Books — Evening Ferry
By Michelle Saturley
A brave new writer
Towler’s Ferry is a powerful piece of work
Evening Ferry by Katherine Towler, MacAdam/Cage, 2005, 378 pages.
Katherine Towler, a Portsmouth-based fiction writer, returns to the literary scene with her sophomore effort, Evening Ferry. This second novel is a sequel of sorts to her first book, Snow Island, in the sense that the events take place on the same fictional island somewhere off the coast of Rhode Island, but instead of continuing the narrative of that book’s main character, this book paints a vivid story of another Snow Island daughter, Rachel Shattuck.
The year is 1965, and Snow Island native Rachel is living on the mainland, licking her wounds after an unhappy marriage and quiet divorce. She is still processing the grief of her mother’s death a year earlier, and continues to be estranged from the rest of her family, especially her father, Nate, a gruff mechanic who has always lived on the island.
Content in her uncomplicated new life as a third-grade teacher, Rachel returns home to care for her father — albeit reluctantly — after he is injured falling off a roof. At first, she and her father continue their cool game of avoidance, until Nate presents his daughter with a diary belonging to her mother. After quickly devouring one notebook, she finds a whole stack of them hiding in the closet, spanning the Depression and WWII eras and beyond.
Through reading the diary entries, Rachel gets a glimpse of what her mother was like as a younger woman, before the children were born and the hardship of island living dragged her down. All her life, Rachel believed that her mother was the long-suffering wife of a hard, unfeeling man, but she realizes through reading the journals that her mother is also human — complete with secrets, mistakes, flaws and heartaches all her own.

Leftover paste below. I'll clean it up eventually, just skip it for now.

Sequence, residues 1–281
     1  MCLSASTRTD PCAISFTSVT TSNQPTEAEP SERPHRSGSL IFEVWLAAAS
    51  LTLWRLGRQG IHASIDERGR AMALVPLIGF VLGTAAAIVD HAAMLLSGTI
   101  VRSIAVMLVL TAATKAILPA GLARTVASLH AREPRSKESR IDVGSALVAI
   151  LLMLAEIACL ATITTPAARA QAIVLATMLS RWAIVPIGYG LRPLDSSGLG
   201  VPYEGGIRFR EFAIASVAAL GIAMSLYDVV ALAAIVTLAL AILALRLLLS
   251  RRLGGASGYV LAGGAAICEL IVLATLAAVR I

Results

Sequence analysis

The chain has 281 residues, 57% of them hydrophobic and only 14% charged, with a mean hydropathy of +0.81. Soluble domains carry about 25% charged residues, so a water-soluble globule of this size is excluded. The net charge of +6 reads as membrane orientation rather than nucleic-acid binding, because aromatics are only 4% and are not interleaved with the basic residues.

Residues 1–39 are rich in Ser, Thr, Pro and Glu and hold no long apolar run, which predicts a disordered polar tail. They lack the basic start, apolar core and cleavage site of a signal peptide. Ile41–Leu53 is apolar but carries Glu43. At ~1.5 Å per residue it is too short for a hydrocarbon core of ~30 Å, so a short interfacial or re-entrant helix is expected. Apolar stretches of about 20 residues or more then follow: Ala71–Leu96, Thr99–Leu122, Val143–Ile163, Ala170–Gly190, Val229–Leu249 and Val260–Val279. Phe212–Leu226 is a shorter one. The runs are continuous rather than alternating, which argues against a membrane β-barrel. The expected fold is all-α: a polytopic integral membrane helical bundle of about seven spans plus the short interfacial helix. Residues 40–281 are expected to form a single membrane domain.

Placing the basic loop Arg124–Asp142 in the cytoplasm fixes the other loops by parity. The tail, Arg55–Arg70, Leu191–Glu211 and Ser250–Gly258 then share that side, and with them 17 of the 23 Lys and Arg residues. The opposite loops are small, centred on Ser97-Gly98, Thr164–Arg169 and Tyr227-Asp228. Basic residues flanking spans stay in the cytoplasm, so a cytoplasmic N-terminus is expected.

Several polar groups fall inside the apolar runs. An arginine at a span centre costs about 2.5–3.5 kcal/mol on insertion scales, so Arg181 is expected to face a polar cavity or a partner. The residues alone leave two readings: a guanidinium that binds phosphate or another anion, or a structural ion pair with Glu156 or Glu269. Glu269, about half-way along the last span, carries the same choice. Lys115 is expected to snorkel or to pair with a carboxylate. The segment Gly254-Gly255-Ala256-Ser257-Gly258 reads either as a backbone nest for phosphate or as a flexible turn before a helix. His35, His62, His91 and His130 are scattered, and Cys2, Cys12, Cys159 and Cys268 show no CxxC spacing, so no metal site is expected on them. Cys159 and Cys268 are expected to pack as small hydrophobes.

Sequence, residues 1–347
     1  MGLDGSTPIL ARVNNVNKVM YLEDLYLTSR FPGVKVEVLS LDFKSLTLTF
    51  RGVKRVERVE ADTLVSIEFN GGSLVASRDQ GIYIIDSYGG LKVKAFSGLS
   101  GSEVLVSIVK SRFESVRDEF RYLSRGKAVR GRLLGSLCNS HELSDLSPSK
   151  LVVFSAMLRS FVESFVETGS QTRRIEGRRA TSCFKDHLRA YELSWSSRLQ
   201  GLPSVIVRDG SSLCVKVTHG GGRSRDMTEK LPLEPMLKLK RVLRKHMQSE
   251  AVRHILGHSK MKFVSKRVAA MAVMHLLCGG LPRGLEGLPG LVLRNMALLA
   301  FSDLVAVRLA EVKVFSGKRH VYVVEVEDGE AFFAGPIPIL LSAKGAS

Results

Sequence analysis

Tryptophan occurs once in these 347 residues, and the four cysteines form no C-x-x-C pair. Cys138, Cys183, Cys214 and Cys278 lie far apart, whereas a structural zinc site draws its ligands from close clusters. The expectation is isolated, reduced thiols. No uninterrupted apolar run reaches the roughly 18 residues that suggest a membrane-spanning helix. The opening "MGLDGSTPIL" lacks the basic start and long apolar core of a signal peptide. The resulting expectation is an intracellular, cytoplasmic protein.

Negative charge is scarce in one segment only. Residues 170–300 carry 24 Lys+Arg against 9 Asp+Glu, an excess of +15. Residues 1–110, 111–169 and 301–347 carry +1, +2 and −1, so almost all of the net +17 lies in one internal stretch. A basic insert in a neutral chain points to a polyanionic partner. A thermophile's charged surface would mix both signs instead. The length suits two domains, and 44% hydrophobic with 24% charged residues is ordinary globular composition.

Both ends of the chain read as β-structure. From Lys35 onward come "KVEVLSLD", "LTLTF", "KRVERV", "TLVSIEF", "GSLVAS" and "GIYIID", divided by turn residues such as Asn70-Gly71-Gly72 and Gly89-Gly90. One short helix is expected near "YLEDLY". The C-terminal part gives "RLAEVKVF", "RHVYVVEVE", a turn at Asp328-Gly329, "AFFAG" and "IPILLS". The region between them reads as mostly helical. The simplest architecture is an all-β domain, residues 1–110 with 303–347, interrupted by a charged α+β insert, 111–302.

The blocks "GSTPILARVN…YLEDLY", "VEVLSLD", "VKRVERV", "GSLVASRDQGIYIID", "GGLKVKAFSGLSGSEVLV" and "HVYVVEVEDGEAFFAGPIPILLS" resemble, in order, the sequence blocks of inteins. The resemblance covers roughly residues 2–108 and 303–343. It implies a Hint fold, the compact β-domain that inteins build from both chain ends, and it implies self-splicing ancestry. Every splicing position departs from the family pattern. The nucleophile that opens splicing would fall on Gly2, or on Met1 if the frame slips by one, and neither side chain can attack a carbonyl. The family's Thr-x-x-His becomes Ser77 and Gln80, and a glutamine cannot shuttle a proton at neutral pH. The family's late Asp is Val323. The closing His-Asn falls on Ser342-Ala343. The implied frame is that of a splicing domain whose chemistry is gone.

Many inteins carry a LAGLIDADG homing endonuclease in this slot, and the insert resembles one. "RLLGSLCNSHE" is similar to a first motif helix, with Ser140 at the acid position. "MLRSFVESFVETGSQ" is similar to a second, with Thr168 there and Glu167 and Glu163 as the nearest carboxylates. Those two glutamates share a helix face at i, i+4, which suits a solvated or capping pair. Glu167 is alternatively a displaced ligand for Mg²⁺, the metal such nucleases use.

Rachel soon begins to feel the pull of small-town life through interaction with the assortment of characters residing on the island. There’s Alice, her best school friend, who still runs the store with her mother and husband; Eddie, Rachel’s old boyfriend, who has become a surrogate son to Nate since Rachel’s older brother died in Korea; and Miss Weeden, the old schoolteacher who has some sage advice for Rachel. These are the folks she grew up with — the ones who know her better than anyone.
Though Rachel insists that she’s planning to head back to the mainland once her father is healed, it isn’t long before she takes the vacant teaching job at the Snow Island schoolhouse. It is here that she truly becomes part of her hometown, and develops a deep but platonic friendship with one of her students, Nick, whom she tries to convince to go to college instead of being drafted and sent to Vietnam. She also rekindles a tender friendship with Eddie, who seems to have been pining away for Rachel all these years. Just when Rachel has settled into the daily rhythm of island life, she learns the truth surrounding the circumstances of her mother’s death, blowing her dysfunctional relationship with her father wide open.
Towler not only tells a story, she transports the reader to the place and time of the action. Through spare but concise prose that relays the thoughts and motivations of her characters, along with crisp, realistic dialog, the reader has a sense of becoming one of the residents of Snow Island. Towler does a remarkable job capturing the essence of small-town life, especially during the late ’60s. Everyone knows everyone else’s business, but never lets on. These are three-dimensional people with their own unique sets of desires and disappointments.
Fowler is superb at exposing the fragile side of family life — how the failure to communicate, year upon year, can damage a relationship so badly that it may never recover. She also writes about the joy of reconnecting, and how a person must go back to the root of problems in order to move forward as a successful human being. Evening Ferry is a moving, human story, and Towler is a powerful, brave new writer.
Editor’s note: Evening Ferry will be released later this summer.
- Michelle Saturley
2005 HippoPress LLC | Manchester, NH